Marcus Collins was working through a Fat Tire Amber Ale with his girlfriend at the Turtle Lounge in Metairie when Edward Schlumbrecht burst in just before midnight Friday with a small arsenal and a big chip on his shoulder.

It was a lucky thing that Collins was there. After spending two hours as a hostage with perhaps eight or 10 other customers, the self-described comic book nerd went from Clark Kent to Superman, stripping Schlumbrecht of his AK-47 and a semi-automatic handgun in one swift motion.

“I’m just a regular guy,” said Collins, 43, of Metairie. “I have no idea where that came from.”

Now the home restoration contractor, who had just sat down at his neighborhood watering hole, is being hailed as the man who may have helped prevent untold bloodshed.

Had Collins not been present, Jefferson Parish Sheriff’s Office spokesman Col. John Fortunato said, “Who knows what would have happened?”

The Sheriff’s Office believes that Schlumbrecht, 52, got into an argument with a neighbor who was at the bar at 8001 Karen St. earlier that night. Schlumbrecht then left the bar, apparently to retrieve an AK-47, a .40-caliber semi-automatic handgun and a .38-caliber Derringer from his nearby home on Kathy Street.

When Schlumbrecht arrived back at the bar, Collins said, he had his finger on the AK-47’s trigger.

“The first reaction of me and everyone else was, ‘Is this really happening?’ ” Collins said Monday. “ ‘Is this guy really doing this? Is that a real gun?’ ”

Unfortunately, authorities say, Schlumbrecht was indeed serious. Some patrons slipped out the bar’s front door; others fled into the backyard. Collins said he and another man tried to push the bar’s back door shut to keep Schlumbrecht from following them.

But Schlumbrecht fired several shots through the door in their direction, Collins said. Luckily, Collins was only bracing it closed with his foot.

“If I was holding it with my body against the door,” he said, “I definitely would have died.”

A number of customers had been able to jump over the backyard’s wooden fence. A group of others, including Collins and his girlfriend, did not make it over in time.

Thus began the tense, nearly two-hour hostage ordeal. As deputies established a perimeter and the JPSO’s SWAT team arrived outside, the group trapped inside the fence waited and worried.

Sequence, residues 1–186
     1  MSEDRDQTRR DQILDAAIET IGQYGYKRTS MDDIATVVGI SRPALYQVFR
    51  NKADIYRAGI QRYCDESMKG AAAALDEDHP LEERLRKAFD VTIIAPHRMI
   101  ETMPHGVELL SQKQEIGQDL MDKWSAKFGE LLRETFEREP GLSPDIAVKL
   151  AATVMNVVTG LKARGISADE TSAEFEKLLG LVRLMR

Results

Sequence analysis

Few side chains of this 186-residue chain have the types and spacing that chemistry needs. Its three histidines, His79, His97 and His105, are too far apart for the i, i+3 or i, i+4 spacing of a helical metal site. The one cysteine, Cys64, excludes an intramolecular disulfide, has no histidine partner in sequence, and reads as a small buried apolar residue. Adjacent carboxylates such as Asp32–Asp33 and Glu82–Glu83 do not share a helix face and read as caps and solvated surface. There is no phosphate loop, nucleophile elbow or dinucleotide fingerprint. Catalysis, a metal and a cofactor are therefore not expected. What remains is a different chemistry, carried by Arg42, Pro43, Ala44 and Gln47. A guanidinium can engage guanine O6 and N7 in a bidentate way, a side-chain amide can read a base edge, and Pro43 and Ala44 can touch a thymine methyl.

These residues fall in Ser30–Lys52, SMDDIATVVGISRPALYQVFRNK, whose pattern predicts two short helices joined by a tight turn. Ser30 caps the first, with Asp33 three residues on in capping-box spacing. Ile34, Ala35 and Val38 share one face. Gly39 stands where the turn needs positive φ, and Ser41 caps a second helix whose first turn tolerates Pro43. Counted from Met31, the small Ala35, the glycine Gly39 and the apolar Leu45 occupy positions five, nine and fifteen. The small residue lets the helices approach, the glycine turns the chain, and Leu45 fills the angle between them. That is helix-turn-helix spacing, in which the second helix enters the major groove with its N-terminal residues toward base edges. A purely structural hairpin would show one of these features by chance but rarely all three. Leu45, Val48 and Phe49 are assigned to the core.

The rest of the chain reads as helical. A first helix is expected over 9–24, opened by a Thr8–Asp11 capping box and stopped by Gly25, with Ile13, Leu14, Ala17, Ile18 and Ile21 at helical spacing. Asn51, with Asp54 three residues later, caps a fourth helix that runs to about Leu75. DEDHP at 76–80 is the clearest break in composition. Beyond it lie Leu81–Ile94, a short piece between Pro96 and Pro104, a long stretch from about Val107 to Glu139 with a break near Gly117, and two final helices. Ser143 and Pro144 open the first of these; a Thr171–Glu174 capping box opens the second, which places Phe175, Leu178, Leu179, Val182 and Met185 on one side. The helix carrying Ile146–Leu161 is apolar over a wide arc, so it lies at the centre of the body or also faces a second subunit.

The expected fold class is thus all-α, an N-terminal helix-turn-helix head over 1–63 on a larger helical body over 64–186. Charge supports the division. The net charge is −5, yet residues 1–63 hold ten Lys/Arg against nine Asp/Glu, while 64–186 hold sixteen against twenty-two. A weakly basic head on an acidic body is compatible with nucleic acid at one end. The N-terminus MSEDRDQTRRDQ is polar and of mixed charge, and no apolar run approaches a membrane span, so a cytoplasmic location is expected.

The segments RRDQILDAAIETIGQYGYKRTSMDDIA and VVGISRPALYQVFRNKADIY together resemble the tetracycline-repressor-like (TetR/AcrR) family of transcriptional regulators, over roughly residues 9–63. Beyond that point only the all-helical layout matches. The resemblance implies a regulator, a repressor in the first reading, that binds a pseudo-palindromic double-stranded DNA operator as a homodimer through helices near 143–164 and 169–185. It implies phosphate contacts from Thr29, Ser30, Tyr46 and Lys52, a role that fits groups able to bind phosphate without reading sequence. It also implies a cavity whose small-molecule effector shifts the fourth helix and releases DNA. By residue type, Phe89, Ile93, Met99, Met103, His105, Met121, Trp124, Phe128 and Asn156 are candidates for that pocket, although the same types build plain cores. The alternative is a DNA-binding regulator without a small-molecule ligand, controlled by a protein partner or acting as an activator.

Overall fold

“He kept telling everybody he was going to kill everybody, he was going to shoot them. People were just beside themselves,” Collins said. “He was there to take people down.”

Throughout the two hours, he said, his mind kept flashing back to his 10-year-old daughter.

“I was really honestly worried that she would not grow up knowing Jesus,” he said. “What’s going to happen if I go down today and she grows up hating God?”

Collins said he convinced Schlumbrecht to let him bring some beers and water from inside the bar to calm down his fellow hostages. He used the opportunity to slip some fruit knives in among the Coors and Bud Lights.

“This is my type of guy,” Justin Hungerman, 31, thought to himself when Collins passed him one of the knives. “We were thinking exactly the same thing.”

Now armed, they waited for an opportunity to act, hoping that Schlumbrecht would take his hand off the AK-47’s trigger.

In the meantime, Schlumbrecht asked authorities over the phone to release his son from prison. He was growing increasingly irate and seemingly unstable.

Finally, Collins said, he saw his opening.

Schlumbrecht, who was back inside the bar, had placed the handgun on the floor and seemed momentarily distracted. Collins jumped on him, grabbing the assault rifle and at the same time kicking the handgun away. Then he forced Schlumbrecht onto the ground and pinned him with the rifle.

Hungerman and another man rushed in to help.

Seconds later, Fortunato said, a woman ran out of the bar screaming, “They got him, they got him.”

Deputies briefly handcuffed Collins afterward before they sorted out the perpetrator from the hostages.

As the adrenaline rush subsided, Collins finally broke down and wept.

JPSO crime scene technicians found three spent pistol cartridges and one spent rifle cartridge at the scene, Fortunato said.

Schlumbrecht was booked on 18 counts of attempted murder, 18 counts of false imprisonment, 18 counts of aggravated assault, one count of illegal discharge of a weapon and one count of possession of a firearm in an alcoholic beverage outlet. No one was seriously injured.

Had Collins not acted, Hungerman said, Schlumbrecht “probably would have killed a couple people.”

The two did not know each other before, Hungerman said, “but he’s family now.”

Collins, meanwhile, is trying to get back to his ordinary life amid a torrent of congratulatory text messages and social media posts.

His ordeal at the Turtle Lounge, he said, has given him a new appreciation for the risks that police face every day — dangers underscored by the shooting Sunday of State Trooper Steven Vincent, who died Monday.

“I don’t see myself as a superhero, or a hero, or anything like that,” said Collins. Police “are the ones who do this every single night.”